Ehud Asherie, "a master of swing and stride" (The New Yorker), is a jazz pianist who integrates the venerable New York piano tradition into his inventive style. Born in Israel in 1979, Asherie lived in Italy for six years before his family moved to New York. Though he began playing piano as a child, his passion for jazz came later—with a Thelonious Monk cassette tape—and his first visit to Smalls Jazz club in Greenwich Village. Largely self-taught, or rather, “old-schooled,” Asherie learned the ropes at Smalls, spending the wee small hours of his early teens becoming a fixture of the late-night jam sessions. Mentored by the late Frank Hewitt, Asherie began to develop “his virtuosity and his ear for clean, crisp lines“ (The Star-Ledger). Finding his home at Smalls, Asherie went from leading the Sunday night sessions to being featured, in 1999, with the Grant Stewart Quartet. Soon after, he headlined with his own trio, Trio 65, who went on to play a two-year engagement at the Rainbow Room, six nights a week.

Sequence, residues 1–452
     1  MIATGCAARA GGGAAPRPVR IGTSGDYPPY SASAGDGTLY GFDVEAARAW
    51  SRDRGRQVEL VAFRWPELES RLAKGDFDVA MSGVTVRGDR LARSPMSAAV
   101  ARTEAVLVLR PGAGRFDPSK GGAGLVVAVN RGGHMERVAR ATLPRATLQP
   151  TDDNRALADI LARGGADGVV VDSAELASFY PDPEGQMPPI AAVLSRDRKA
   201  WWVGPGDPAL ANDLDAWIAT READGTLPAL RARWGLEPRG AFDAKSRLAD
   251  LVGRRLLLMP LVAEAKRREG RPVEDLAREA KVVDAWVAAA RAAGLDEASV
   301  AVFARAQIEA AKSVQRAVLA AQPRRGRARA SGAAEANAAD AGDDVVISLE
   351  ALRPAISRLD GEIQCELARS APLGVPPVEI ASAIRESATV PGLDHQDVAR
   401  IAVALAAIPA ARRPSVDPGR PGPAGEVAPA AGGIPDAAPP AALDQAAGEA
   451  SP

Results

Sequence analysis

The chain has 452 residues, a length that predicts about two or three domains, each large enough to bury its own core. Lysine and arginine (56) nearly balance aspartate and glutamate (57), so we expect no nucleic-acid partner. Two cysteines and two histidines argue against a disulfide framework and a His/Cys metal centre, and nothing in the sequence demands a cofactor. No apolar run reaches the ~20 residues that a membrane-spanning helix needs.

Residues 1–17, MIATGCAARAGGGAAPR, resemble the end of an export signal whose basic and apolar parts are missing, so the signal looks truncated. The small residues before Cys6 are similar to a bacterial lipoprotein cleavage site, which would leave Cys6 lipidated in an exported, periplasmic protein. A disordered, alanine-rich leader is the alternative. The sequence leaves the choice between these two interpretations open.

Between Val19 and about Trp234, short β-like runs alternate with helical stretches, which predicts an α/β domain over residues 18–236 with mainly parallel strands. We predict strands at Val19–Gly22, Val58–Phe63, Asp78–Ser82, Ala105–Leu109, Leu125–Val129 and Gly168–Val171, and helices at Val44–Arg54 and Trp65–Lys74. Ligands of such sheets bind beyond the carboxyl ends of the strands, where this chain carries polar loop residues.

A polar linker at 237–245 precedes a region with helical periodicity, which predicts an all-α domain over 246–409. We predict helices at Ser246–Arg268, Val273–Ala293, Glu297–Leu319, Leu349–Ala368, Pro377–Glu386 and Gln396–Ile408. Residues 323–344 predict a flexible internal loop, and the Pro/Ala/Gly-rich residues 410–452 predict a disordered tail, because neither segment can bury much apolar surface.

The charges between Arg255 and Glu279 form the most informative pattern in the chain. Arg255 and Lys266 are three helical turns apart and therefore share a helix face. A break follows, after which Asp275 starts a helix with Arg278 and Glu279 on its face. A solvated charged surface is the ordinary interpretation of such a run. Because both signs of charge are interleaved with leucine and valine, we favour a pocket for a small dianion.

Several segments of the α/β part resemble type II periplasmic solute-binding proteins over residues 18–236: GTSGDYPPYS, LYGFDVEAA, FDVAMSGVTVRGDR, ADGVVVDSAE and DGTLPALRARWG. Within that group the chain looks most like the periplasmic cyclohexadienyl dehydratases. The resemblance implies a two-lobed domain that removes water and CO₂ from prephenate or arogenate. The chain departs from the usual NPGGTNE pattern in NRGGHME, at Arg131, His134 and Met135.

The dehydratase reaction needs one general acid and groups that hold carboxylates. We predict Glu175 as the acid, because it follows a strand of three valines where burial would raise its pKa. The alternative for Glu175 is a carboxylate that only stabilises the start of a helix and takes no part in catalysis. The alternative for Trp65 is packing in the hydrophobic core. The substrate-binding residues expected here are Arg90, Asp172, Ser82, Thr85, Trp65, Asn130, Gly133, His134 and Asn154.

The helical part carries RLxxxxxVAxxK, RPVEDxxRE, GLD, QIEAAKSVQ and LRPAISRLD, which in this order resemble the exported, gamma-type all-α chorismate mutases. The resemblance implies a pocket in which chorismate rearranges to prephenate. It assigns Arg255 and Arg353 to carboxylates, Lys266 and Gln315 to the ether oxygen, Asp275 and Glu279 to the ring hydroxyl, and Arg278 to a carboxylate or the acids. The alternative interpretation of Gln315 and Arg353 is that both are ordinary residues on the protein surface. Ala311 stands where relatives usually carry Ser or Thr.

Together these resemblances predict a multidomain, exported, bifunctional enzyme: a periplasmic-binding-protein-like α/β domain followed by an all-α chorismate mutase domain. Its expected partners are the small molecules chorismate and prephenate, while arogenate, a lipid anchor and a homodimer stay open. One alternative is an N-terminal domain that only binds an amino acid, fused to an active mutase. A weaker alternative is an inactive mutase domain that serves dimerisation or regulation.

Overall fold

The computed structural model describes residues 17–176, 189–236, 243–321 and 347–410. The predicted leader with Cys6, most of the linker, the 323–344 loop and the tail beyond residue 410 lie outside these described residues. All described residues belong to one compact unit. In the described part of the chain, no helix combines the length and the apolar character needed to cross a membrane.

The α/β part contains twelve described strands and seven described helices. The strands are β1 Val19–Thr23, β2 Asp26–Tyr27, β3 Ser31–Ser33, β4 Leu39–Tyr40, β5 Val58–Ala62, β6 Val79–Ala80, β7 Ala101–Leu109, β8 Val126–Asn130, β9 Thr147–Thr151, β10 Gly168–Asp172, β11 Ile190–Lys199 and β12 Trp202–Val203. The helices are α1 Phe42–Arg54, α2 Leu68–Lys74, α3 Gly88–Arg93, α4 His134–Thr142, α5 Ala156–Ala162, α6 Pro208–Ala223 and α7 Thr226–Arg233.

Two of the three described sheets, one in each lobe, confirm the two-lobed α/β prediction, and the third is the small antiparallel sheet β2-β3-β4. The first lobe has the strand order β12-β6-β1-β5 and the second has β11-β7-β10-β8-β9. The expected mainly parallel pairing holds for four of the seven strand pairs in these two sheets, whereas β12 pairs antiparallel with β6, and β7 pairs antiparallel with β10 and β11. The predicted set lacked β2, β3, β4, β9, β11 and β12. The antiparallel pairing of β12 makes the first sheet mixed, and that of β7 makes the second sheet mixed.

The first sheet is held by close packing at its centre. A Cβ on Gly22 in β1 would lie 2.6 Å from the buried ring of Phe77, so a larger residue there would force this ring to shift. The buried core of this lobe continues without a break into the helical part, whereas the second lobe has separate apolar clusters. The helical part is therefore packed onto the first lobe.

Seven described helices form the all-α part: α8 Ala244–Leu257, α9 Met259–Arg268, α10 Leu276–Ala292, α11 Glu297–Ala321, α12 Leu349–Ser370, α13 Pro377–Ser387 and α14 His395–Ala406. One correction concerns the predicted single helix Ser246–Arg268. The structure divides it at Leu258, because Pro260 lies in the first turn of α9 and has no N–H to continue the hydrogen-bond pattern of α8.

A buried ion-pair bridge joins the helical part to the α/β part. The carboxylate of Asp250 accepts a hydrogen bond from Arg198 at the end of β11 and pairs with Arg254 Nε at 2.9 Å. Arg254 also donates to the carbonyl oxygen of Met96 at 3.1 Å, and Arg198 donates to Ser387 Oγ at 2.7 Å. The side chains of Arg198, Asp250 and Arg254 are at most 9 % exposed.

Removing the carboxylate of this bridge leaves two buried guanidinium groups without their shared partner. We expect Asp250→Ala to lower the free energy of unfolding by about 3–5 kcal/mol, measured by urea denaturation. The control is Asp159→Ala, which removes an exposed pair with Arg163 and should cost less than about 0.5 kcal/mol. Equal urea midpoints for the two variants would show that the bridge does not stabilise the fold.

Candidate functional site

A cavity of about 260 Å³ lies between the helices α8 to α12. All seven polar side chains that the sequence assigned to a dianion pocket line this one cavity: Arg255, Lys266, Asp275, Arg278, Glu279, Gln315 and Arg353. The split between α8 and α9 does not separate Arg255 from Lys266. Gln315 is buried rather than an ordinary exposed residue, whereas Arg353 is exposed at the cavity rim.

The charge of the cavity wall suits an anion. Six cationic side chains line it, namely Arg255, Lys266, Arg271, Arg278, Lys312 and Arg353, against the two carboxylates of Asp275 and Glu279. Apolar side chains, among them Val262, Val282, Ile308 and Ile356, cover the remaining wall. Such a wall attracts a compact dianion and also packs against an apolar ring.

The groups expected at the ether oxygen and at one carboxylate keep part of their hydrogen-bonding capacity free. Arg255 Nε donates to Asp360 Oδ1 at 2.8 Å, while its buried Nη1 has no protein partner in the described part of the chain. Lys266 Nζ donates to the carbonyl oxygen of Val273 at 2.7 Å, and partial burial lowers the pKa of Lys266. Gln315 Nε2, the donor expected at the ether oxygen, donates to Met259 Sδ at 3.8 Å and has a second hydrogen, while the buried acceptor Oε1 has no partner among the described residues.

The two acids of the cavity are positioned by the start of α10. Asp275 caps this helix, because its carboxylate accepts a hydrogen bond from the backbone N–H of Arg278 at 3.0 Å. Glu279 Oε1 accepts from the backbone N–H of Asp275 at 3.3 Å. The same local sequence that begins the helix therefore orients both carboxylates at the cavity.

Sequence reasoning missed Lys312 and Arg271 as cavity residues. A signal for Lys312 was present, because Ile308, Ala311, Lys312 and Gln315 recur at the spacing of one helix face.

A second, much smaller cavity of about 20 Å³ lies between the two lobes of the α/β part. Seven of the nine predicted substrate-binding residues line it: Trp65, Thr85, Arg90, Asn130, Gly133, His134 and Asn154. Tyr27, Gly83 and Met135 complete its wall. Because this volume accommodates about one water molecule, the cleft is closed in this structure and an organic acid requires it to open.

Steeped in the jazz milieu, absorbing the work of his contemporaries, Asherie grew to revere the lineage he evolved from. Having branched backwards in time, from bebop to stride, Asherie views jazz as a living art form, an organic thing: each standard tune open to a constant reinterpretation. It is this philosophy that caught the attention of world-class saxophonist and collaborator Harry Allen, who called Asherie “…modern yet traditional at the same time…in the most wonderful way.”
From Smalls to the Rainbow Room, from Lincoln Center to The Village Vanguard, Asherie has worked with a broad range of musicians: Howard Alden, Eric Alexander, Roy Ayers, Peter Bernstein, Joe Cohn, Jesse Davis, Bobby Durham, Vince Giordano, Wycliffe Gordon, Scott Hamilton, Ryan Kisor, Charles McPherson, Jane Monheit, Bob Mover, Ken Peplowski and Clark Terry. Asherie tours clubs and festivals around the world, including South America, Europe and Asia. He has released over ten albums, five as leader, including Organic (Posi-tone, 2010) and a solo album entitled Welcome to New York (Arbors, 2010).